Follow-up tests and treatment are now being given to members whose test results showed any signs of disease by a special team of Permanente doctors assigned to the ILWU under the ILWU·PMA [Pacific Maritime Association] Welfare Plan.

At a dinner for all the people who worked on the project, Permanente Health Plan, Director Dr. E. Richard Weinerman said the health test program was a “complete success . . . The fact that this program was the first to be organized by a union, the first to provide so comprehensive an array of tests and the first to assure complete medical follow-up through the health plan made it an outstanding contribution to the field of preventive medicine.”

kp-reporter-may-1961-a

Longshore worker signing up for Multiphasic exam, 1961

Dr. Weinerman also noted the role of what we now call “culturally competent care.” In a Dispatcher article July 6, 1951, he said “In order to condition [our physicians] to do the best possible analysis, the union is taking them on a tour of the waterfront to observe working conditions. Then they will be able, to understand clearly how longshoremen work, and they can interpret symptoms more accurately.”

Dr. Collen later recalled the next steps of expanding the screening to all Permanente members in his oral history:

We started our multiphasic program in the Oakland clinic [on November 29, 1951]… After the clinics closed at five-thirty, we used the existing office space in the surgery clinic. We developed a whole series of arrows and put colored tapes on the floors so that patients would go in through the various rooms and have their height, weight, blood pressure, and other physiological measures taken, and then fill out a history form. Then they would be directed to the laboratory for blood and urine tests, to the x-ray department for a chest x-ray, and to the electrocardiography department for an electrocardiogram. In that way, we didn’t require any extra equipment or any extra facility space. We developed a team of personnel that would work in the evenings from about five-thirty to eight, and we examined some twenty-five to thirty patients every evening that way at a very low cost.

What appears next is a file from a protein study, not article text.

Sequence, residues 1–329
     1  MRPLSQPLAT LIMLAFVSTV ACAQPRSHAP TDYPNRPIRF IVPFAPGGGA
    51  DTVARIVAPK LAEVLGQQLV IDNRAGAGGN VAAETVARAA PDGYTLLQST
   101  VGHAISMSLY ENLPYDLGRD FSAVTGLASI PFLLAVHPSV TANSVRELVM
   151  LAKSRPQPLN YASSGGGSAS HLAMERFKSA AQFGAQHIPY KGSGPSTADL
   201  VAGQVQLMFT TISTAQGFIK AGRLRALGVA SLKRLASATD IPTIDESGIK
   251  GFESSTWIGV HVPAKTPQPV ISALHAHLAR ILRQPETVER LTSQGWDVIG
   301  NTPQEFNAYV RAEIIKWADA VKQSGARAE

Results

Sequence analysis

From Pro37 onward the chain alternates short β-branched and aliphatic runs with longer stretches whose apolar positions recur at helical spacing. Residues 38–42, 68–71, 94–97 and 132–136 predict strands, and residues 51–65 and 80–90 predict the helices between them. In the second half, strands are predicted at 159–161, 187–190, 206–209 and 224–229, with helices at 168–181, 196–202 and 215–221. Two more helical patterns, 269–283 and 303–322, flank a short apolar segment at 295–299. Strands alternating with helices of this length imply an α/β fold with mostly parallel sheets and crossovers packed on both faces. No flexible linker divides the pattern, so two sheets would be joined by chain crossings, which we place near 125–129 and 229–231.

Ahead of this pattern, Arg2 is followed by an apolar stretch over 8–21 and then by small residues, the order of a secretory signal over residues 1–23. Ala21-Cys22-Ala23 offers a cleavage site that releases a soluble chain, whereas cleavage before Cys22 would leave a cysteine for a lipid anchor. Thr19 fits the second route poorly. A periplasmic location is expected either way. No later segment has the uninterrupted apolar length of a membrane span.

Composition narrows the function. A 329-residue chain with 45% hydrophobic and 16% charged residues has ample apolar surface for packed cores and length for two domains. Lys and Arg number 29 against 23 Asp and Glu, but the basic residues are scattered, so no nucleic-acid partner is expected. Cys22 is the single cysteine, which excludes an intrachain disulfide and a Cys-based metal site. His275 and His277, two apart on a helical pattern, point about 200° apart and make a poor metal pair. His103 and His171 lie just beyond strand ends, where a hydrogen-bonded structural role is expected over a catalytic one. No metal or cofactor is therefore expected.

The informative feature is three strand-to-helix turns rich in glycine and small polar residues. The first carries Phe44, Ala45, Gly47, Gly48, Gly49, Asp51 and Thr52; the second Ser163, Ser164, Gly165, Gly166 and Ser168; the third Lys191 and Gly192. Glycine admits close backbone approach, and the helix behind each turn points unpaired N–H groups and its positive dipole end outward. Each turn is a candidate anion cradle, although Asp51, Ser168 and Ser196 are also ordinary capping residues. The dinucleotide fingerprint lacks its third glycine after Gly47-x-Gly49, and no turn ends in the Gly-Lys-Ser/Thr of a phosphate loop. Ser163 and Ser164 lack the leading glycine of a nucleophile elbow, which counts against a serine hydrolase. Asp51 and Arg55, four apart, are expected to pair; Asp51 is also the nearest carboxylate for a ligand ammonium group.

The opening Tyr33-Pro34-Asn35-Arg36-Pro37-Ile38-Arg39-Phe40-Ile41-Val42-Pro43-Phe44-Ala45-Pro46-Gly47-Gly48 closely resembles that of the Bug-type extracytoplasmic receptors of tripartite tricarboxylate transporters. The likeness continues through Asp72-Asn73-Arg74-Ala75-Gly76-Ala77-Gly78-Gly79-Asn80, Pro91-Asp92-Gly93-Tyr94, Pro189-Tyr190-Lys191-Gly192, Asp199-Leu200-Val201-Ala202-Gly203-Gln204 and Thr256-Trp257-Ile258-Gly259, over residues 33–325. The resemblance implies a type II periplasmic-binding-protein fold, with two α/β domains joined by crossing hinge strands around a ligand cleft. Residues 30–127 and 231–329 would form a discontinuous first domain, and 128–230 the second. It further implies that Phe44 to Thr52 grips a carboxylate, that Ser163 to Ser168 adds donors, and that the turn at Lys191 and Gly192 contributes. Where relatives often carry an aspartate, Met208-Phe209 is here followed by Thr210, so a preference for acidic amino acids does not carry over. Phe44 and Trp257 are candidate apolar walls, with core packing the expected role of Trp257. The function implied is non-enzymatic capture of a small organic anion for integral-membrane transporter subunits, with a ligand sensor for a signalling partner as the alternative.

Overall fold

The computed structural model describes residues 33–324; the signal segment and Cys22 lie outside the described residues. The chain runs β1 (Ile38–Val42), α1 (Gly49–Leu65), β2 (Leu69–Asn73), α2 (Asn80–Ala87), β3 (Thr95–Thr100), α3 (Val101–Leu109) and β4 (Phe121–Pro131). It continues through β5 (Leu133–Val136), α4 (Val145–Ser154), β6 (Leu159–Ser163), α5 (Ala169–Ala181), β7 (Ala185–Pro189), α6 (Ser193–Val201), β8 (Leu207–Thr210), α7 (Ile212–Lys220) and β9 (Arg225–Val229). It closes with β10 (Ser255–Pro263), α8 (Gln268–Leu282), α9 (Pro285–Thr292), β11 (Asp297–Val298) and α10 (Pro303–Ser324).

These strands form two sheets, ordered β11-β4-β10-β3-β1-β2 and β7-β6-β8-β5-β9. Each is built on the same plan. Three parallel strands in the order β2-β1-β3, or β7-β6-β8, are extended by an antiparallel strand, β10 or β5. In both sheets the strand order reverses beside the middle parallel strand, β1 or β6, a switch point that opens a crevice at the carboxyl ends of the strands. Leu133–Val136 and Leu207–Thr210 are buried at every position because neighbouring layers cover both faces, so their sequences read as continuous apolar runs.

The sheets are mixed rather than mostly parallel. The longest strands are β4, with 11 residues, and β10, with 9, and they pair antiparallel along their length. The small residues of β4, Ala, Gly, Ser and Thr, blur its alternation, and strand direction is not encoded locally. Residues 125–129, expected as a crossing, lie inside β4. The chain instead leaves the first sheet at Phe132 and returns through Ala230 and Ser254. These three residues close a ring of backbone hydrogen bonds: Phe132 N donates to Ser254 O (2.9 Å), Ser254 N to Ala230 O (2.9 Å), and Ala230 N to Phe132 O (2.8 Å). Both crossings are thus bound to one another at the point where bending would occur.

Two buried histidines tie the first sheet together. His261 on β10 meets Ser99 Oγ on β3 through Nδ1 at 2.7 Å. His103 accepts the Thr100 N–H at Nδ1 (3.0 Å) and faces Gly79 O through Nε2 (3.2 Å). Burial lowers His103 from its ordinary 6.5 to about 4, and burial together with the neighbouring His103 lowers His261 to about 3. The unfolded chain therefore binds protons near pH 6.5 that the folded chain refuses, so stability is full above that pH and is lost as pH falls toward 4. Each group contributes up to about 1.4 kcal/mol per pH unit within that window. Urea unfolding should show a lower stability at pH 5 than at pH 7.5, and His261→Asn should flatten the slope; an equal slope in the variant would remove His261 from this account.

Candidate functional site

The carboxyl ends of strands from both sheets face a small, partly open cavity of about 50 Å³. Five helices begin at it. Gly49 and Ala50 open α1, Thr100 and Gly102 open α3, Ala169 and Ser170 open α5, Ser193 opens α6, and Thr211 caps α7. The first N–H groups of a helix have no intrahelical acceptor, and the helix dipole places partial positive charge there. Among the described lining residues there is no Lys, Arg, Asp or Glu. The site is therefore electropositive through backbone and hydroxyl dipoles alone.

In 1952, the Kaiser Permanente clinic at 515 Market Street in San Francisco also opened a Multiphasic Health Test facility in a space that had formerly been used as an orthopedic clinic.

story-march-10-1961-b

Longshore worker taking Multiphasic exam, 1961

The process consisted of about 15 procedures and only required the presence of a single physician, assisted by paramedics. Dr. Collen went on to explain the beautiful medical logic of the testing:

. . . Health is the only condition in life when you find people are medically similar. That is, healthy people have a relatively normal distribution of their tests and measurements so that you can develop routine repetitive procedures to do these tests. The health checkup, the evaluation of a normal well person, is the most routine, repetitive procedure in medicine.

As soon as one has a variation from normal, which is the basic definition of being ill or sick, then one becomes unique. Every diabetic is different; every hypertensive is different, and a diabetic with hypertension is even more complicated. So it is difficult to develop routine rules for sick people. But for normal people, and by definition 95 percent of healthy people are within normal limits, you can develop routine repetitive procedures. And that is the secret of the efficiency and economy of a programmed, systematized, multiphasic checkup.

An article in the Permanente newsletter Planning for Health touted the Multiphasic: